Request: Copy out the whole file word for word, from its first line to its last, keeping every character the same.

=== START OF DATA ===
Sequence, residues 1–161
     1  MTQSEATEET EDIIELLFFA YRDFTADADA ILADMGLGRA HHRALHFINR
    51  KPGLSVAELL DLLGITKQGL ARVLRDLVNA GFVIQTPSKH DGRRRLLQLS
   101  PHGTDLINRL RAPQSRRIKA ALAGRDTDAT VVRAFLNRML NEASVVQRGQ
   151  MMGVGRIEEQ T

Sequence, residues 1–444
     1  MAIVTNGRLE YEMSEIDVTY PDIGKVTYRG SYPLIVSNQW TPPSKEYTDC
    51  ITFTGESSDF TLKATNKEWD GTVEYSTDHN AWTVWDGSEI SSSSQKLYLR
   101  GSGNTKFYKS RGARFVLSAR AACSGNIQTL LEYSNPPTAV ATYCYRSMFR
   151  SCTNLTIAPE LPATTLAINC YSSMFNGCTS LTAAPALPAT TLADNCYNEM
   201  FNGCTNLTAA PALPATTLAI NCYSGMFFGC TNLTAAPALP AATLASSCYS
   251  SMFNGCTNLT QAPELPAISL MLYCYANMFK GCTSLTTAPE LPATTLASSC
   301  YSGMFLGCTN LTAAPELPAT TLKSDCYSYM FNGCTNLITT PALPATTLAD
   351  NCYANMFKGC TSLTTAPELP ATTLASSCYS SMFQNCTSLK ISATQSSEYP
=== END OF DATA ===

Sequence, residues 1–161
     1  MTQSEATEET EDIIELLFFA YRDFTADADA ILADMGLGRA HHRALHFINR
    51  KPGLSVAELL DLLGITKQGL ARVLRDLVNA GFVIQTPSKH DGRRRLLQLS
   101  PHGTDLINRL RAPQSRRIKA ALAGRDTDAT VVRAFLNRML NEASVVQRGQ
   151  MMGVGRIEEQ T

Sequence, residues 1–444
     1  MAIVTNGRLE YEMSEIDVTY PDIGKVTYRG SYPLIVSNQW TPPSKEYTDC
    51  ITFTGESSDF TLKATNKEWD GTVEYSTDHN AWTVWDGSEI SSSSQKLYLR
   101  GSGNTKFYKS RGARFVLSAR AACSGNIQTL LEYSNPPTAV ATYCYRSMFR
   151  SCTNLTIAPE LPATTLAINC YSSMFNGCTS LTAAPALPAT TLADNCYNEM
   201  FNGCTNLTAA PALPATTLAI NCYSGMFFGC TNLTAAPALP AATLASSCYS
   251  SMFNGCTNLT QAPELPAISL MLYCYANMFK GCTSLTTAPE LPATTLASSC
   301  YSGMFLGCTN LTAAPELPAT TLKSDCYSYM FNGCTNLITT PALPATTLAD
   351  NCYANMFKGC TSLTTAPELP ATTLASSCYS SMFQNCTSLK ISATQSSEYP